Note: “Upon another Sabbath, as Jesus entered a synagogue, He saw there a man who had a withered hand. The Pharisees watched Him, eager to see what He would do. The Saviour well knew that in healing on the Sabbath He would be regarded as a transgressor, but He did not hesitate to break down the wall of traditional requirements that barricaded the Sabbath. Jesus bade the afflicted man stand forth, and then asked, ‘Is it lawful to do good on the Sabbath days, or to do evil? to save life, or to kill?’ It was a maxim among the Jews that a failure to do good, when one had opportunity, was to do evil; to neglect to save life was to kill. Thus Jesus met the rabbis on their own ground. ‘But they held their peace. And when He had looked round about on them with anger, being grieved for the hardness of their hearts, He saith unto the man, Stretch forth thine hand. And he stretched it out: and his hand was restored whole as the other.’ Mark 3:4, 5.” The Desire of Ages, 286

3.b.        What purpose did Christ have in mind by healing on the Sabbath? Luke 14:1–5

Note: “As the Jews departed from God, and failed to make the righteousness of Christ their own by faith, the Sabbath lost its significance to them. Satan was seeking to exalt himself and to draw men away from Christ, and he worked to pervert the Sabbath, because it is the sign of the power of Christ. The Jewish leaders accomplished the will of Satan by surrounding God’s rest day with burdensome requirements. In the days of Christ, the Sabbath had become so perverted that its observance reflected the character of selfish and arbitrary men rather than the character of the loving heavenly Father. The rabbis virtually represented God as giving laws which it was impossible for men to obey. They led the people to look upon God as a tyrant, and to think that the observance of the Sabbath, as He required it, made men hard-hearted and cruel. It was the work of Christ to clear away these misconceptions. Although the rabbis followed Him with merciless hostility, He did not even appear to conform to their requirements, but went straight forward, keeping the Sabbath according to the law of God.” The Desire of Ages, 283, 284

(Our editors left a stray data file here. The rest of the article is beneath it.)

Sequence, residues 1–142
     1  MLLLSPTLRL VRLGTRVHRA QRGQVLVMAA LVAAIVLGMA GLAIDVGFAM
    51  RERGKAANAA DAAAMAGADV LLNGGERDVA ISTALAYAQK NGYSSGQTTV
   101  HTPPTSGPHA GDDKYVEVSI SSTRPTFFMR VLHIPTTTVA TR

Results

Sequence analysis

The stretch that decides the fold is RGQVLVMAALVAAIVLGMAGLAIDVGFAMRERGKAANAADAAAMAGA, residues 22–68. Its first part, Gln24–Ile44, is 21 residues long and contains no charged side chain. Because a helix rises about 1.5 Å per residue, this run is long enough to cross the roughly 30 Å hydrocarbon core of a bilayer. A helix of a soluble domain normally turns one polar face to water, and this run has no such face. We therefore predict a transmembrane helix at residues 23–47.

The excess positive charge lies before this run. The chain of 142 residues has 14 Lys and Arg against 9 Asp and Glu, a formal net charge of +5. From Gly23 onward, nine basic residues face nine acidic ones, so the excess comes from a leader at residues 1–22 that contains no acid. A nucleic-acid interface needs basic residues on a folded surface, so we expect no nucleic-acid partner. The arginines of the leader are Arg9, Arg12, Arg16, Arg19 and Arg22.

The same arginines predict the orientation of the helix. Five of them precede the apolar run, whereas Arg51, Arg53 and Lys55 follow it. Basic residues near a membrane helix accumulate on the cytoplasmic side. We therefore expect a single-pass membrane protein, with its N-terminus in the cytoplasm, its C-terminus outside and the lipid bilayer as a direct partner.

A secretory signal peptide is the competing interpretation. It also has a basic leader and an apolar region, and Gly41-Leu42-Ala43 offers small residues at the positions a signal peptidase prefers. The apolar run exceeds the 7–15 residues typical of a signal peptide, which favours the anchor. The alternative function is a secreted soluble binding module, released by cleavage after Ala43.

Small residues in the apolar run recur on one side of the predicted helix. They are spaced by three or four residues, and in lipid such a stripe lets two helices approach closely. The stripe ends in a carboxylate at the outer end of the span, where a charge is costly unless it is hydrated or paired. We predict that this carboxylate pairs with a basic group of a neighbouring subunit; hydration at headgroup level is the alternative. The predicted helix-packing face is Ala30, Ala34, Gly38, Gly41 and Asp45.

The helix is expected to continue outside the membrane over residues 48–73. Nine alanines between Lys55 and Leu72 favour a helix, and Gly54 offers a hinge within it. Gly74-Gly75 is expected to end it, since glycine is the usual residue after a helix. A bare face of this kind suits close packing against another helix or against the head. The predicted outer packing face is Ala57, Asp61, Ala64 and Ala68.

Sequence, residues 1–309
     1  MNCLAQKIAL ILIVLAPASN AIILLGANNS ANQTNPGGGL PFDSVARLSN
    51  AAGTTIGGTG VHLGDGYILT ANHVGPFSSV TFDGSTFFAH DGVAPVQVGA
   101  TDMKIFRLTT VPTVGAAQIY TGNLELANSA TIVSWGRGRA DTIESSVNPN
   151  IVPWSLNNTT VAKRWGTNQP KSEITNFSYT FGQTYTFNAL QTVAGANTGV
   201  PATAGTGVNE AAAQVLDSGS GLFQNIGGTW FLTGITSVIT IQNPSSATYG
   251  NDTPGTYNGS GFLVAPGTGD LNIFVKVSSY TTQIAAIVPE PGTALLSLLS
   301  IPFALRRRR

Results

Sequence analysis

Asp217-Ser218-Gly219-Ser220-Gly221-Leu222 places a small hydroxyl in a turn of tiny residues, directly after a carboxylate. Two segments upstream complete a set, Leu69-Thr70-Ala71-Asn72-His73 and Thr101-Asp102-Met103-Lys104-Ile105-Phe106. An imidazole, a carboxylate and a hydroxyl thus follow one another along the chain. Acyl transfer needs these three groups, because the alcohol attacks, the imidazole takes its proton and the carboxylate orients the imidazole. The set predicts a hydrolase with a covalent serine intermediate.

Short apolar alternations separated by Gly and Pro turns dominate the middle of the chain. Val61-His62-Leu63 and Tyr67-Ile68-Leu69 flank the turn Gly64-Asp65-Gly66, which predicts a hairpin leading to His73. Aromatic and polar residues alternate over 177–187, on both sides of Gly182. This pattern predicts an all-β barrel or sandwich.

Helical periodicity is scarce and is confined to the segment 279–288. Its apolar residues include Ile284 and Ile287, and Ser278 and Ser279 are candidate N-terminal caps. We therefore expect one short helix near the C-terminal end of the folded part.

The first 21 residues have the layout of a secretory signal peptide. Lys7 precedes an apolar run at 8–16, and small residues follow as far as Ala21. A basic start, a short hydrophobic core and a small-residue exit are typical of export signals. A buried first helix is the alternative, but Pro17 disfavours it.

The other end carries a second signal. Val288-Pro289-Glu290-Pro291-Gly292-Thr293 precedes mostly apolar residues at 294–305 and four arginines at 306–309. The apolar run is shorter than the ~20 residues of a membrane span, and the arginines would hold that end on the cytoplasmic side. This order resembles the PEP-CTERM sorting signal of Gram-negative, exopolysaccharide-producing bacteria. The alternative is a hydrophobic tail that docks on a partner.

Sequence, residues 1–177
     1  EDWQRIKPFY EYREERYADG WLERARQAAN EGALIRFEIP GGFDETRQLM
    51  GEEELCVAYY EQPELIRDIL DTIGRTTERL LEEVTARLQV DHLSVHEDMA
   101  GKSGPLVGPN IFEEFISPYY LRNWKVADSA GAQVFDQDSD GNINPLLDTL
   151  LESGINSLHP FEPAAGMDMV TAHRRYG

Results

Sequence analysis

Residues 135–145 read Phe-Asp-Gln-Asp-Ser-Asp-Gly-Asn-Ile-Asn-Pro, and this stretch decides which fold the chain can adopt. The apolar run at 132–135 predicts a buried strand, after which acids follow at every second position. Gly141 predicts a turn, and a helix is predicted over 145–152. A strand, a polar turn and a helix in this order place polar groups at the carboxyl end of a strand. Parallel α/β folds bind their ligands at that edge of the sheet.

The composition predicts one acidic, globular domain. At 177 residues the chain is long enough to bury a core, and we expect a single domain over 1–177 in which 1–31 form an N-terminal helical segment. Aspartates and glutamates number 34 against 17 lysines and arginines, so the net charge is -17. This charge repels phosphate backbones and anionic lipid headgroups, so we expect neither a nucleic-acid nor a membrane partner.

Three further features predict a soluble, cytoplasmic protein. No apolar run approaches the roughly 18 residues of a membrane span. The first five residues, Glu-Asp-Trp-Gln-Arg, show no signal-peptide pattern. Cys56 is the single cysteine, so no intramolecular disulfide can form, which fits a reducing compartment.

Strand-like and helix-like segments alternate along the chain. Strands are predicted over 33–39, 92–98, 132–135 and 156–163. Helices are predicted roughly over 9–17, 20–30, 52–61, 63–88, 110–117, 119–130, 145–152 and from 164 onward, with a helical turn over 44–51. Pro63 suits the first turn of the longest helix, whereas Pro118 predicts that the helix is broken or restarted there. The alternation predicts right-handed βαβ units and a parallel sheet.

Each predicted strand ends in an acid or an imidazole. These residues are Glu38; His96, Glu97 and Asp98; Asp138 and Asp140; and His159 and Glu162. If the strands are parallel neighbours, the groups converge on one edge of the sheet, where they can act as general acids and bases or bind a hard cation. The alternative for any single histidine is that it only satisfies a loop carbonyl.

4.a. How did Christ spend the Sabbath after the crucifixion? Luke 23:44–47. What did the disciples do on that Sabbath? Luke 23:53–56

Note: “At last Jesus was at rest. The long day of shame and torture was ended. As the last rays of the setting sun ushered in the Sabbath, the Son of God lay in quietude in Joseph’s tomb. His work completed, His hands folded in peace, He rested through the sacred hours of the Sabbath day.

“In the beginning, the Father and the Son had rested upon the Sabbath after Their work of creation. When ‘the heavens and the earth were finished, and all the host of them’ (Genesis 2:1), the Creator and all heavenly beings rejoiced in contemplation of the glorious scene. ‘The morning stars sang together, and all the sons of God shouted for joy.’ Job 38:7. Now Jesus rested from the work of redemption; and though there was grief among those who loved Him on earth, yet there was joy in heaven. Glorious to the eyes of heavenly beings was the promise of the future. A restored creation, a redeemed race, that having conquered sin could never fall—this, the result to flow from Christ’s completed work, God and angels saw. With this scene the day upon which Jesus rested is forever linked. For ‘His work is perfect;’ and ‘whatsoever God doeth, it shall be forever.’ Deuteronomy 32:4; Ecclesiastes 3:14. When there shall be a ‘restitution of all things, which God hath spoken by the mouth of all His holy prophets since the world began’ (Acts 3:21), the creation Sabbath, the day on which Jesus lay at rest in Joseph’s tomb, will still be a day of rest and rejoicing. Heaven and earth will unite in praise, as ‘from one Sabbath to another’ (Isaiah 66:23) the nations of the saved shall bow in joyful worship to God and the Lamb.” The Desire of Ages, 769, 770

4.b.        What is the meaning of the Sabbath for God’s people? Matthew 11:28–30; Hebrews 4:1–4, 9–11

Note: “To all who receive the Sabbath as a sign of Christ’s creative and redeeming power, it will be a delight. Seeing Christ in it, they delight themselves in Him. The Sabbath points them to the works of creation as an evidence of His mighty power in redemption.” The Desire of Ages, 289



5.a. How can we receive the promised rest? John 16:13; Hebrews 3:7, 8; Jeremiah 6:16

Note: “ ‘There remaineth therefore a rest to the people of God. … Let us labour therefore to enter into that rest, lest any man fall after the same example of unbelief.’ Hebrews 4:9, 11. The rest here spoken of is the rest of grace, obtained by following the prescription, Labor diligently. Those who learn of Jesus His meekness and lowliness find rest in the experience of practicing His lessons. It is not in indolence, in selfish ease and pleasure-seeking, that rest is obtained. Those who are unwilling to give the Lord faithful, earnest, loving service will not find spiritual rest in this life or in the life to come. Only from earnest labor comes peace and joy in the Holy Spirit—happiness on earth and glory hereafter.” The Seventh-day Adventist Bible Commentary, Vol. 7, 928